If you’ve finished off the vegetables and other scrumptious ingredients in a hot pot and you’re left with a bowl of clear soup, NEVER EVER throw it away. That soup is gold. For those of you who haven’t seen my recipe for a simple hot pot using leftovers in the fridge, behold: here.
Reserve your nabe broth and you have another meal sorted out, just like that. In Korea, after dunking different ingredients into the broth of a hot pot, many people usually go the extra step and finish the meal off by making porridge or putting noodles in the soup. However, when at home, I don’t find it necessary to stuff yourself silly until you can’t breathe by using the broth immediately. I reserve my broth and then for my next meal I put noodles/rice in for a hearty meal.
I know it’s pretty much sweltering hot in Korea (as it is in many other countries) but there is a saying to “fight fire with fire.” In Korea, many people believe that consuming molten hot pots of food in the summer actually help with fighting off the heat.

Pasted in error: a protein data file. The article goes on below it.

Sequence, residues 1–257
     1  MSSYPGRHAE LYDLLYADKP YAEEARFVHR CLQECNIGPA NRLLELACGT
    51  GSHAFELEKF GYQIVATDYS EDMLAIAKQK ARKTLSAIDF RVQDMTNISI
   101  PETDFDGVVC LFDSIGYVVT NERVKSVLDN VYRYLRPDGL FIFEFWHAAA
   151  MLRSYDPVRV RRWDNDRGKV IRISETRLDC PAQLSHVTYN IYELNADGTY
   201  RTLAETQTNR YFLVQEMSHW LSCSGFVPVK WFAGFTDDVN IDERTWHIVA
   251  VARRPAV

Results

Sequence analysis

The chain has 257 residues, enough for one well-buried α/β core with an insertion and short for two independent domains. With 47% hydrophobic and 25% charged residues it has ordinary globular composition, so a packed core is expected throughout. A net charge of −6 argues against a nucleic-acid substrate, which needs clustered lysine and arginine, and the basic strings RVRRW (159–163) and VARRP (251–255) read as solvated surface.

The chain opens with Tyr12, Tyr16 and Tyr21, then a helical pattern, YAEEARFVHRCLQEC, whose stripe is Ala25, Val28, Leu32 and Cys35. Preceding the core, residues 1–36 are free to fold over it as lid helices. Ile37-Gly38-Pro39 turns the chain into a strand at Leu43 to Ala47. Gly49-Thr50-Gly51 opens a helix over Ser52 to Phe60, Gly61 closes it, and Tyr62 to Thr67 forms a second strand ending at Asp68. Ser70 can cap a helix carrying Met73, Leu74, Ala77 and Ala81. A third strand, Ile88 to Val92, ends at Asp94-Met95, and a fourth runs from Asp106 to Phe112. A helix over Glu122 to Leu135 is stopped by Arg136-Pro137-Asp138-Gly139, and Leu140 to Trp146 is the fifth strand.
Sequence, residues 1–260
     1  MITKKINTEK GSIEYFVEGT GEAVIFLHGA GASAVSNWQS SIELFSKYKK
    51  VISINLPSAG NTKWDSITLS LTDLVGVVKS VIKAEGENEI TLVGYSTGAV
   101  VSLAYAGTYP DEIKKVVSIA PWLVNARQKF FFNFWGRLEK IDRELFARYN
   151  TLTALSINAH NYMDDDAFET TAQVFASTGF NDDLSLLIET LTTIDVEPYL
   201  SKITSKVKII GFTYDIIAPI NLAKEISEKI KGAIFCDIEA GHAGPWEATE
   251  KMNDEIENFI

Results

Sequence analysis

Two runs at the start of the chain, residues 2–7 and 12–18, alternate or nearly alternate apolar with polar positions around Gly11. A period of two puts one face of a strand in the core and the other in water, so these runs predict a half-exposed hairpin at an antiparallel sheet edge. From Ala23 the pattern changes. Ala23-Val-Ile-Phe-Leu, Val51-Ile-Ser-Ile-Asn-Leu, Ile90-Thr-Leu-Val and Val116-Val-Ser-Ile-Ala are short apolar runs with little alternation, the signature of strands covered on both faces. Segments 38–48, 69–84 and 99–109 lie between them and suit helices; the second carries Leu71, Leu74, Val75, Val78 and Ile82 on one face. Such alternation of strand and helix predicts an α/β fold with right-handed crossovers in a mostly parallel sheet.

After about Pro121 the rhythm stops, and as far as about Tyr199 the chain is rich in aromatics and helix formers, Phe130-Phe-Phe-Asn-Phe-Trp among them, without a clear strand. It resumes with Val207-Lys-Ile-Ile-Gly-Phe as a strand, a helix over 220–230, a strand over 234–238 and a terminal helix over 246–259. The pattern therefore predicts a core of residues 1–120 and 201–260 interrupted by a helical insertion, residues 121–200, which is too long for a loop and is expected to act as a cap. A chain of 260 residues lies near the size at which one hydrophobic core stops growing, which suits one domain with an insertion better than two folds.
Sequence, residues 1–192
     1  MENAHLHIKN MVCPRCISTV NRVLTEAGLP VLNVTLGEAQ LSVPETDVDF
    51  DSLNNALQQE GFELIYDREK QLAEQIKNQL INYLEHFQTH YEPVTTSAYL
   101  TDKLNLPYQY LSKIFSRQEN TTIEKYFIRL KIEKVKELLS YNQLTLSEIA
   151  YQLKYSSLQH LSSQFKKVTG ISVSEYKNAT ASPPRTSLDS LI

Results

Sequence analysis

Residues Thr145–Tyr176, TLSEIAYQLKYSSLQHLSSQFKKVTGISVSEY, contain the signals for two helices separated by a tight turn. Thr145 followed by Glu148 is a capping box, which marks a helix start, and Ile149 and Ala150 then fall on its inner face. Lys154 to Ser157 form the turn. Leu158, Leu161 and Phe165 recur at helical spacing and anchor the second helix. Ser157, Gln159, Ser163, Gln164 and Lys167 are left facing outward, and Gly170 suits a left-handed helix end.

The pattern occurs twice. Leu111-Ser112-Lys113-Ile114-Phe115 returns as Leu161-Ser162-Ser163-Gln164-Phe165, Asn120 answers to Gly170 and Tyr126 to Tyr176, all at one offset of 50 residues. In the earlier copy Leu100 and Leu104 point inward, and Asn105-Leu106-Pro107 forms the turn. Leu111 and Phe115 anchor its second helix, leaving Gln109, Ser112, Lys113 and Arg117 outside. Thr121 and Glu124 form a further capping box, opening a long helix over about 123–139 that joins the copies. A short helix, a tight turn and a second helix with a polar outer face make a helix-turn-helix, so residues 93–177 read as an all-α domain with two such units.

So, I shall show you what I did with my leftover broth.
First, choose what you want to put into your broth. I wanted something spicy, so I decided to use spicy Shin Ramyun. You could simply add noodles and a splash of light soy sauce and it would taste amazing also.
Add half of the spice packet into the broth and heat to high.
Add whatever veggies and other random ingredients you would like to add.
Plonk in your noodles. Mine was cut in half for optimal noodle to nabe pot placing.
Boil on high for a couple minutes until your noodles are tender.
I personally enjoy my ramyun with a little bit more of a bite, so I take it off the heat before the noodles are completely cooked. That way when you serve it the noodles are perfectly chewy.
Fight the heat with some steamy noodles! Eaten in a nicely air-conditioned house…
Until next time 🙂